Zaddock Angira and Chris Oyuga @PeopleDailyKe
The country became more dangerous by 12 per cent between 2017 and last year with Kiambu, Nairobi and Meru leading the list of infamy, according to a crime report to be released by the Inspector General of Police Joseph Boinnet any time from today.
The National Police Service Crime Report 2018 shows that 65,820 offences were recorded last year compared to 59,029 over the same period in 2017, marking an increase of nearly 7,000.
Kiambu accounted for eight per cent of the total reported cases, clocking a whopping 5,364 incidents and beating even it’s wealthier neighbour Nairobi which followed with 5,212 cases.
But Meru was the surprise entrant at number three with 4,284, Nakuru at 3,270 and Murang’a 2,335 cases. Others were Mombasa at 2,286, Machakos (2,270), Kisii (2,035), Bungoma (1,992), Kitui (1,955), Kilifi (1,802), Kisumu (1,767), Kirinyaga (1,670), Kakamega (1,604) and Uasin Gishu with 1,458 incidents.
A senior police officer, who sought anonymity because of the sensitivity of the issue, explained that crime may have increased in Nairobi and Kiambu due to economic reasons.
“Most criminals believe Nairobi being the economic capital, residents are well off financially. That is why you find a lot of violent robberies and major frauds being undertaken there. Kiambu is just an extension of the capital,” he said. For Meru, the officer believes the miraa business has led to more cash flow and with it higher crime rate.
But while Kiambu topped the list, police identified Githurai, Kiamumbi, Muchatha, Wangige, Kinoo, Mutuini and Witethie in Thika as the areas you are most likely to get mugged in the county. In Nairobi county, police zoned off Karen (area bordering Ongata Rongai), Eastleigh, Dandora, Kayole (specifically Soweto) as places to avoid in the dark.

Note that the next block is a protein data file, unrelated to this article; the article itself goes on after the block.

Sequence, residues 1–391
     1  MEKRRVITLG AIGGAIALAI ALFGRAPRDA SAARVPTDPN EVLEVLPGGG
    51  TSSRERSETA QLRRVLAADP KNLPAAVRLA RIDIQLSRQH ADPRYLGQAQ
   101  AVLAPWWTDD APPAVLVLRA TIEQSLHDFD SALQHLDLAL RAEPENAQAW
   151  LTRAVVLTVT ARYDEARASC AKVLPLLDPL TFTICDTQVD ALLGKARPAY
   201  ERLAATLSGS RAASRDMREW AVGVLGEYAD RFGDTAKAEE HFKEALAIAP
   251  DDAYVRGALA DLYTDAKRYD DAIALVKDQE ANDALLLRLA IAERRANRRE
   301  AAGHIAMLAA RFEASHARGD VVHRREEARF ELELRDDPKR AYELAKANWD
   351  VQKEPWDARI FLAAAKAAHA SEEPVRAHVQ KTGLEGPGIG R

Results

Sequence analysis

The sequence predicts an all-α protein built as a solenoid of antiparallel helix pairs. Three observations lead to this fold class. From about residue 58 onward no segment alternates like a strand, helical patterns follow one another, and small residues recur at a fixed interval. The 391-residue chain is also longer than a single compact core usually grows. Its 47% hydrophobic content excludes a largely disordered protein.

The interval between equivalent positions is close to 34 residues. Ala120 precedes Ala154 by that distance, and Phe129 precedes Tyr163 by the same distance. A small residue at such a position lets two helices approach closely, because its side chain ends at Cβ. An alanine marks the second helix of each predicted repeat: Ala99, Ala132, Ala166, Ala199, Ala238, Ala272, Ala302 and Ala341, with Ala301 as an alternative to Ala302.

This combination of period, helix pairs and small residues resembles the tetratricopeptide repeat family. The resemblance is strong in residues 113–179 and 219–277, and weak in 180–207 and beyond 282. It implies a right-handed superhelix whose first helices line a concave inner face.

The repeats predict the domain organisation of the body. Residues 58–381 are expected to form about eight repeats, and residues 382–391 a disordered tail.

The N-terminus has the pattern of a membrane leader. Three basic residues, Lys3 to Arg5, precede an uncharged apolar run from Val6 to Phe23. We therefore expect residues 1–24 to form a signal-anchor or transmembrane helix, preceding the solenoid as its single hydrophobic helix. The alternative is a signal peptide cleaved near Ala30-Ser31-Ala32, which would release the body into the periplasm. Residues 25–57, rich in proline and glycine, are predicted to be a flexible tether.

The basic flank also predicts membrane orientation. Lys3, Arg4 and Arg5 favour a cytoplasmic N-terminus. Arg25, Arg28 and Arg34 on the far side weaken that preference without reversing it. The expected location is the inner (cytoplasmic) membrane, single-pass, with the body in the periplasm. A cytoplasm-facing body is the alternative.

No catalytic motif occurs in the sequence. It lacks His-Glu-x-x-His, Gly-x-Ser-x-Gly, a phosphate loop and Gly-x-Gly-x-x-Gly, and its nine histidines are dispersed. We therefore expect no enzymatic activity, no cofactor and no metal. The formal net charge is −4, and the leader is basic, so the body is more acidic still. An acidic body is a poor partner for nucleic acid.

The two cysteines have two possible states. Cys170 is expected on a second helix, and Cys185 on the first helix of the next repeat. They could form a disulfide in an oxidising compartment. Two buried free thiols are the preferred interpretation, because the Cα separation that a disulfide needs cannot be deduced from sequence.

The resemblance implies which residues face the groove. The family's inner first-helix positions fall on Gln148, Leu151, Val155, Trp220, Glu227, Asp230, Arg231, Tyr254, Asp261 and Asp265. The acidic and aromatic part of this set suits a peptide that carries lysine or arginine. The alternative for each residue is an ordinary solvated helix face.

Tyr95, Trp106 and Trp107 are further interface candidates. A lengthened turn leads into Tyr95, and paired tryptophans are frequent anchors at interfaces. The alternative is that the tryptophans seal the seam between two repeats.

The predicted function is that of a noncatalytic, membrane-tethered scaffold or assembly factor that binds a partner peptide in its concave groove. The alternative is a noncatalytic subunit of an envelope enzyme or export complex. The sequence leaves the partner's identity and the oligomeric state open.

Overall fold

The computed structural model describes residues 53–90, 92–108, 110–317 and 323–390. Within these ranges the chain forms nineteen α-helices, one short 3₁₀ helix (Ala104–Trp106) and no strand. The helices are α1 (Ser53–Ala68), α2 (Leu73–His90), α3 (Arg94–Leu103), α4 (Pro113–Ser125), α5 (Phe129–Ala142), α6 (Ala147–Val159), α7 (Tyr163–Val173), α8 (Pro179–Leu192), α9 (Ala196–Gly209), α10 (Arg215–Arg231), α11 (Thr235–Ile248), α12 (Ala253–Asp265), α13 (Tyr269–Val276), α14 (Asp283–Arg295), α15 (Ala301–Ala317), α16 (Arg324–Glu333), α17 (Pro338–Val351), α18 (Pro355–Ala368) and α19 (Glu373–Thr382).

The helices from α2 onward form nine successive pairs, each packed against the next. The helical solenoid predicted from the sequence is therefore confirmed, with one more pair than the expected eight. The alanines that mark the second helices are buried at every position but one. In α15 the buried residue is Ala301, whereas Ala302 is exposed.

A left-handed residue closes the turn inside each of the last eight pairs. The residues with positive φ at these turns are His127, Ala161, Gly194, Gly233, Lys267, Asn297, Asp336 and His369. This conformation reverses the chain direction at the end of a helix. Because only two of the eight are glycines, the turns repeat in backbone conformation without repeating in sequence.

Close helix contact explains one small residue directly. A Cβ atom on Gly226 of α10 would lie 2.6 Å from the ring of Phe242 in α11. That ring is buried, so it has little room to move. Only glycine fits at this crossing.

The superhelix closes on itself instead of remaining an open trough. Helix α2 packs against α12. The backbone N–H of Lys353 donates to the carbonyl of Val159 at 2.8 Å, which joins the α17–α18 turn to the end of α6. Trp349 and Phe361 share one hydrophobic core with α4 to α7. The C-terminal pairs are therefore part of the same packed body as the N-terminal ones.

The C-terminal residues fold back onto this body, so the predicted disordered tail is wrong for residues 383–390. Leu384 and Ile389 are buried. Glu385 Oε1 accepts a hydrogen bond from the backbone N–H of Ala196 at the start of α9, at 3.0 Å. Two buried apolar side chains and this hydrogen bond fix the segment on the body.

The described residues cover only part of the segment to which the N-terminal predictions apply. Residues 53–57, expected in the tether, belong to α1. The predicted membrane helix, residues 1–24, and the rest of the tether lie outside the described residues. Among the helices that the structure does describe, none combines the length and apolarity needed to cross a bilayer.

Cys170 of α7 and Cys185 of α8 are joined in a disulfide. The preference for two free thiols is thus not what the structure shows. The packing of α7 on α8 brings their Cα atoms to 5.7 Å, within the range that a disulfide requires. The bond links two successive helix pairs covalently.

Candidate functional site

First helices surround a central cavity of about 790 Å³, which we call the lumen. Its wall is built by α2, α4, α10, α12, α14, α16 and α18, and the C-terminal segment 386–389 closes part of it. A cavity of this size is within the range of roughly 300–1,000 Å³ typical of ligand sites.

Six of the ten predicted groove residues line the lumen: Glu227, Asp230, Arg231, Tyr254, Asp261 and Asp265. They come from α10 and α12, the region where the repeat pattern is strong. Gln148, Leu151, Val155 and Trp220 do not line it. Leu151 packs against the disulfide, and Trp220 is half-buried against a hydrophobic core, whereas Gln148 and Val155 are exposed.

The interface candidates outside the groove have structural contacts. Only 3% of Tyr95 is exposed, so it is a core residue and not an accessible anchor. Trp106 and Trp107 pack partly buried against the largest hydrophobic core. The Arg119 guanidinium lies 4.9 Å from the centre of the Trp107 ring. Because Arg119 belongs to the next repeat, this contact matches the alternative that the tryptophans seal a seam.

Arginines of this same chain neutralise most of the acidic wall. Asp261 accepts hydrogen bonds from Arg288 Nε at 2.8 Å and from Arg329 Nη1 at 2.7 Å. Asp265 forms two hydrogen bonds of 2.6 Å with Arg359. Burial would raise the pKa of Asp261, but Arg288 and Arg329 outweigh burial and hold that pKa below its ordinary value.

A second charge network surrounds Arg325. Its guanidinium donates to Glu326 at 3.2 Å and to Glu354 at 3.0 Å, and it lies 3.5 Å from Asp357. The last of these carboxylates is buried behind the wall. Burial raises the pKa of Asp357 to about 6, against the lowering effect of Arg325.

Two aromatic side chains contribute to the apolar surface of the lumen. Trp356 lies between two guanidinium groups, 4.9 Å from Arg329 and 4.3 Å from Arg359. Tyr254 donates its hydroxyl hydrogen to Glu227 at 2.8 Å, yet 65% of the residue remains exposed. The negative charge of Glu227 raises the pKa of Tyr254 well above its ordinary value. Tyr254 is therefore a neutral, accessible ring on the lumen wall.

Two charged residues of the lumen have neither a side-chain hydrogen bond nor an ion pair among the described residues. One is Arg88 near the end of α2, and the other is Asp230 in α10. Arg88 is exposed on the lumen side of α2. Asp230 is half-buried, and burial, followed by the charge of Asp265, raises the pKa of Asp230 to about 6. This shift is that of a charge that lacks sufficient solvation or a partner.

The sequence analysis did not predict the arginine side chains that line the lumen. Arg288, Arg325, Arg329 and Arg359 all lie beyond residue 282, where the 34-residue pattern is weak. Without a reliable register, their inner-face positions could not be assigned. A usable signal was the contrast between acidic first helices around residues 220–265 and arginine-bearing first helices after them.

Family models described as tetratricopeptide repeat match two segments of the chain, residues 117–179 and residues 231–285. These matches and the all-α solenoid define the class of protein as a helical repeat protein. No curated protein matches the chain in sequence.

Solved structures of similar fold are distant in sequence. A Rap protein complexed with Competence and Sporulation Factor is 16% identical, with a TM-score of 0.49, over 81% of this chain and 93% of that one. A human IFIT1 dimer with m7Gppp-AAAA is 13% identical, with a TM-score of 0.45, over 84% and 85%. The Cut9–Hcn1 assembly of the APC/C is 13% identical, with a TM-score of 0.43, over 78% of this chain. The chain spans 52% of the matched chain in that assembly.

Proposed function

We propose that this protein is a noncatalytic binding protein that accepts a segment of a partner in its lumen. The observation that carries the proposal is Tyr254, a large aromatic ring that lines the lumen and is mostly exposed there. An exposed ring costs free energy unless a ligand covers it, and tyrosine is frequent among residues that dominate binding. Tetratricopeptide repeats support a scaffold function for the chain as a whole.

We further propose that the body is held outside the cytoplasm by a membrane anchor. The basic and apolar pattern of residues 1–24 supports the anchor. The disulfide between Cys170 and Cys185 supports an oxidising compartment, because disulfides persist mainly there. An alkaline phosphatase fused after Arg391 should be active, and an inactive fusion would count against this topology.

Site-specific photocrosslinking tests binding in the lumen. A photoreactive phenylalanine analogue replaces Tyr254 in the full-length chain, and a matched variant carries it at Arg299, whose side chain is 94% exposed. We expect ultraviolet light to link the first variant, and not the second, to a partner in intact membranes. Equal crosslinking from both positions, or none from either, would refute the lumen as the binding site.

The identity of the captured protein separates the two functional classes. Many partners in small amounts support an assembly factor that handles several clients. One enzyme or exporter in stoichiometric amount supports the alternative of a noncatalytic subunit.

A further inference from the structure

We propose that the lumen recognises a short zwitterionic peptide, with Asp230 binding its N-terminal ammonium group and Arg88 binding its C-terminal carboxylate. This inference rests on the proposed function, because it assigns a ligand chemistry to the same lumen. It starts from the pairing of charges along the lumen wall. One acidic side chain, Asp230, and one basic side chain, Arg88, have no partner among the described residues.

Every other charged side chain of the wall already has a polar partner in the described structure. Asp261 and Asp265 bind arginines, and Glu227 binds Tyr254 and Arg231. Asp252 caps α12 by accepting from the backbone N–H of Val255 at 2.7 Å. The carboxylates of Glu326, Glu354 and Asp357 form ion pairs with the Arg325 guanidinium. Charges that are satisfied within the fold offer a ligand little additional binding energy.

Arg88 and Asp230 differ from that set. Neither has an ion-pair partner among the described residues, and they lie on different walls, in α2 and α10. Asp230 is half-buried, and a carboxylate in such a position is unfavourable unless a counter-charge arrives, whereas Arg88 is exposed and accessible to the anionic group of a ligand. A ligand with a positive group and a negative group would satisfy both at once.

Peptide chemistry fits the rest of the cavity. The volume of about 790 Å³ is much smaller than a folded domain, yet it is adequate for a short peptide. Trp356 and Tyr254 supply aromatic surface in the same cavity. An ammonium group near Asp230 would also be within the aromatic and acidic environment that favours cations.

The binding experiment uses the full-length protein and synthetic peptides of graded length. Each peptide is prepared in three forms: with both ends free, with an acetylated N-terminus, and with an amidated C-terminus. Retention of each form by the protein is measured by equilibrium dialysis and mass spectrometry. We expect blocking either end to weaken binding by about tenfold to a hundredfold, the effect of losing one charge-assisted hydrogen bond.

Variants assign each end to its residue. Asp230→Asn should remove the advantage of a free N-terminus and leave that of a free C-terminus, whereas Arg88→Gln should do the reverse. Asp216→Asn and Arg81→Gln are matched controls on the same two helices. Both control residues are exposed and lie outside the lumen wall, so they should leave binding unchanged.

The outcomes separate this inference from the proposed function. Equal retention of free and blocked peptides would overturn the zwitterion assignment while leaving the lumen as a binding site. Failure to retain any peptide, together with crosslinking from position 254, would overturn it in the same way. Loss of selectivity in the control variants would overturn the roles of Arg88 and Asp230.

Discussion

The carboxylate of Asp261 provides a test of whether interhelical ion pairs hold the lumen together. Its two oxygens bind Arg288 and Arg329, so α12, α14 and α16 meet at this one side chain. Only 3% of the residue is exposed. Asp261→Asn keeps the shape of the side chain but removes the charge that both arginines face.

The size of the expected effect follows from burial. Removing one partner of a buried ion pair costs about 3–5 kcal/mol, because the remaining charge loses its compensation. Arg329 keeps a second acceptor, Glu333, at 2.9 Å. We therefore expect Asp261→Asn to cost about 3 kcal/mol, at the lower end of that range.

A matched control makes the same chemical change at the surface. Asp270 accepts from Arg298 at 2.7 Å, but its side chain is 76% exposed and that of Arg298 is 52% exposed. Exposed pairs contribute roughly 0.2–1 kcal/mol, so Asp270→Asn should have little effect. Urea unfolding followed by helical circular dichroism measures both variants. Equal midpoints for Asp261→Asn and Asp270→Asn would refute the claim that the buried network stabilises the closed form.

During the same period, cases of violent crimes, defilement, possession of dangerous drugs, stealing and assault cases also shot up nationally.
Robbery cases increased from 1,957 cases in 2017 to 2,185 cases last year. The report also shows an increase in cases of carjacking and abductions.
But more worrying is the rise in morality offences from 4,108 to 5,272 cases. A total of 3,983 defilement cases were reported last year compared to 3,014 cases reported the previous year and with rape rising from 617 to 734 cases last year.
Interestingly, the counties you are most likely to die in the hands of a terrorist are also the least prone to other forms of insecurity. Mandera reported 244, Wajir 301 and Lamu 328 cases each, accounting for less than one per cent.
But the same period recorded 40 terror incidents where 58 people were killed and 44 others injured. Of those killed, 29 were security personnel, 21 were civilians while eight were militants, while out of the 44 injured, 41 were security officers while the other three were civilians. Fifteen suspects were arrested over the same period.
According to the report, terrorism remains a major cause of insecurity in the country, mostly affecting North Eastern and Coast regions.
This was despite the fact that the government acquired Anti-Personnel Carriers, helicopters and recruited more police officers to scale up the deficit experienced in various stations.